The farmers market exception, the federal health minister said, was designed to avoid burdening small producers.
Foods, like honey, where the labeling would be considered “redundant,” are also exempted from the front-of-pack requirements proposed.
Front-of-pack labeling wasn’t the only proposed change put forward by Health Canada Friday.
The federal government wants to crack down on claims like “no sugar added” on products like fruit juice, which manufacturers have historically used to differentiate themselves from other juice products that have added sugar, but doesn’t reflect juice’s overall high sugar content.
The new strategy would also see an increase in the amount of vitamin D required to be added to milk and margarine to help Canadians meet the recommended intake levels, updated in 2011.
“Under the new regulations this will be 2 μg/100 mL for milk and 26 μg/100 g for margarine. This is approximately twice the current requirement,” Health Canada documents said.
Meanwhile, the federal government is repealing a labeling requirement that foods containing high-intensive sweeteners like aspartame, sucralose, acesulfame-potassium and neotame are stipulated specifically on the product’s main panel. The sweeteners would still be required to be listed in the ingredient list so that all sweeteners are labeled the same.
However, for medical reasons, foods sweetened with aspartame would still be required to include the statement: “Phenylketonurics: contains phenylalanine” or a statement to the effect that aspartame contains phenylalanine.”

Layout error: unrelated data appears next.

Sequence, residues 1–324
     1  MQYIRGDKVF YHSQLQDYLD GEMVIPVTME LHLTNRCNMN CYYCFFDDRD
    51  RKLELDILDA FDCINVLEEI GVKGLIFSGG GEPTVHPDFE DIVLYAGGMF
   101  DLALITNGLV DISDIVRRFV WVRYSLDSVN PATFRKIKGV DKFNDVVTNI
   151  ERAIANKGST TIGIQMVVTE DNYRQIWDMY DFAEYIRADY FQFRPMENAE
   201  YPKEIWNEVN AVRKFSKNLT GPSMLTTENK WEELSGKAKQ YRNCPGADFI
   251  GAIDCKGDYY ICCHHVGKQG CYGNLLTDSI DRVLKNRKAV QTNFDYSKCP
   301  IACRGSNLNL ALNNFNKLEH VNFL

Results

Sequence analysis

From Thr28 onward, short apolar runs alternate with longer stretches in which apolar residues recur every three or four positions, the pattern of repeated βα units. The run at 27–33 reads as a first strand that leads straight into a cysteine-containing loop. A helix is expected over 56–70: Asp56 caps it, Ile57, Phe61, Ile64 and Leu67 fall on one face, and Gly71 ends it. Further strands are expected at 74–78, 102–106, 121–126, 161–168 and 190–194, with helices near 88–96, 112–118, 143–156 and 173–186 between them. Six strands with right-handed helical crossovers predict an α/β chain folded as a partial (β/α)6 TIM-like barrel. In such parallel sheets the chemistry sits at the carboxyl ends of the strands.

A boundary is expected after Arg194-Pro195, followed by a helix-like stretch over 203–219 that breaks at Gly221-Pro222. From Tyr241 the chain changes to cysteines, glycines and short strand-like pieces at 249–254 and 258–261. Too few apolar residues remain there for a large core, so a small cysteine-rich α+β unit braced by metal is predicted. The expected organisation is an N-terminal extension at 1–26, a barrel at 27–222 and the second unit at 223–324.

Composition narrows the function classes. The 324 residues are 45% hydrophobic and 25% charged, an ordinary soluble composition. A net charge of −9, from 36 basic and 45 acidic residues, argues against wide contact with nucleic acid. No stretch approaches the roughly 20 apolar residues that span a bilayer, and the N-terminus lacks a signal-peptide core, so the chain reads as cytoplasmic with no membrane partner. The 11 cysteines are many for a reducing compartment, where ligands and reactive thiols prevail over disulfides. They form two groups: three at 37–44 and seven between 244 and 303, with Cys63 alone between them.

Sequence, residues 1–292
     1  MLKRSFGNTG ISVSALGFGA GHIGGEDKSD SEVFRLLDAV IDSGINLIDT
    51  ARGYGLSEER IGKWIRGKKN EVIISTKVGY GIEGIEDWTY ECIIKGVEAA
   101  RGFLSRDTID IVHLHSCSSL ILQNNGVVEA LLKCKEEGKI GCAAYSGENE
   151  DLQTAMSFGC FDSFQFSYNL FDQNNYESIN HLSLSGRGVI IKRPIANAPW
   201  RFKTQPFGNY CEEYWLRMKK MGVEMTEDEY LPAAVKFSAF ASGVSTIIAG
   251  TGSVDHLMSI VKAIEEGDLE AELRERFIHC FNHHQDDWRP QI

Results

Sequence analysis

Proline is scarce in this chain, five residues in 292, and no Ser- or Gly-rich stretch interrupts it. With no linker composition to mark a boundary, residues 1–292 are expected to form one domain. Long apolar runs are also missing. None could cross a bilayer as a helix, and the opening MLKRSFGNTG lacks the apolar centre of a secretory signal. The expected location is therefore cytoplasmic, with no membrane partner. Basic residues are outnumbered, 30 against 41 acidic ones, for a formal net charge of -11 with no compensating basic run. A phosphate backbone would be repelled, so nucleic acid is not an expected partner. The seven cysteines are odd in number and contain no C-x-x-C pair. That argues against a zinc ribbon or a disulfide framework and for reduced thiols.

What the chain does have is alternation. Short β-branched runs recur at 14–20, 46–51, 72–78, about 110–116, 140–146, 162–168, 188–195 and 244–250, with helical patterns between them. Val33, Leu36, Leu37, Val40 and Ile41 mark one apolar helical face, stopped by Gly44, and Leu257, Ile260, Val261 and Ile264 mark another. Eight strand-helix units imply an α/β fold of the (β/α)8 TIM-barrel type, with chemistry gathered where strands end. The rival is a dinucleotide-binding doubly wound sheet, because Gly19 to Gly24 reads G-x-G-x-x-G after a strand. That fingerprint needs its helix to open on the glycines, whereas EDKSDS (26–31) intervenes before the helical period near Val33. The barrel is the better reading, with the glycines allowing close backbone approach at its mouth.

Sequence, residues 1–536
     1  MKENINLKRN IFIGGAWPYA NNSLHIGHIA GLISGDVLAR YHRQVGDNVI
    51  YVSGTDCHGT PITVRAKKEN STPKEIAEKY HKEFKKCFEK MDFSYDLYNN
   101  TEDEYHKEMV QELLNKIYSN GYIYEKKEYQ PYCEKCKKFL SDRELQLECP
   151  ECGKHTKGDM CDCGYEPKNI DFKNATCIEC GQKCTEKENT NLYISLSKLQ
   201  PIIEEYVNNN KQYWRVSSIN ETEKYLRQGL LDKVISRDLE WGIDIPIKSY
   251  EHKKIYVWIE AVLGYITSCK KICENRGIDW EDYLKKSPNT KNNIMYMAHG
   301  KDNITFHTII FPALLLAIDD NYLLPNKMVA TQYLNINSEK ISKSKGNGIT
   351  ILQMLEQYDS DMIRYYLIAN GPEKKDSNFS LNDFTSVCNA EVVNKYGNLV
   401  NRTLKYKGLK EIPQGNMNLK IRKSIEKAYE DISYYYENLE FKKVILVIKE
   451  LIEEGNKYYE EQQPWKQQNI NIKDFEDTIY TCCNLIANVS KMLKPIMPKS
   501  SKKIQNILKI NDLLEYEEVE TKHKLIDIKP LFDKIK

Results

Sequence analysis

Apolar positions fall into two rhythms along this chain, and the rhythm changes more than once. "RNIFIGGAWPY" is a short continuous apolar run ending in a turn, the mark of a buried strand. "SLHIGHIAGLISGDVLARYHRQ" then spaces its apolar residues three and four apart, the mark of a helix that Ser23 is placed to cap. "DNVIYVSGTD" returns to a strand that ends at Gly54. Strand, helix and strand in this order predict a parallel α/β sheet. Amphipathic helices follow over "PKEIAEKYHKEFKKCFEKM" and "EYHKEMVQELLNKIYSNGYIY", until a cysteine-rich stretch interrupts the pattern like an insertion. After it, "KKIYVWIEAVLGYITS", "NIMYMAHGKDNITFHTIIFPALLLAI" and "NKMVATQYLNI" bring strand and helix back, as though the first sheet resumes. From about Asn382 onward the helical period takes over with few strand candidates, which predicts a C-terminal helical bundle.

“This statement would appear in bold type at the end of the list of ingredients,” the document notes.
Health Canada is also revising the definitions for hydrogenated and partially hydrogenated oils and will remove all references to partially hydrogenated oils from its regulations.
The federal health department introduced a ban for partially hydrogenated oils in September 2017, which takes effect in September 2018. Partially hydrogenated oils are the main source of industrially-produced trans fats in foods.
Canadians will have until April 26 this year to provide public comment on the proposal, with a planned transition period in place until December 2022. The regulations will take effect upon publication of the regulations in the federal government’s publication Canada Gazette II – with the exception of the vitamin D requirement.
Publication in Canada Gazette II is expected by the end of 2018.
The new vitamin D amount will be delayed by six months “because manufacturers need to be compliant with the new Nutrition Facts table and the new mandatory vitamin D levels at the same time,” the department said.
Friday’s announcement did not include new details on Health Canada’s ongoing revisions of the Canada Food Guide.
In 2014, more than 14 million Canadian adults said they were overweight or obese, according to Statistics Canada data. Another 467,969 Canadian children fall into the same category.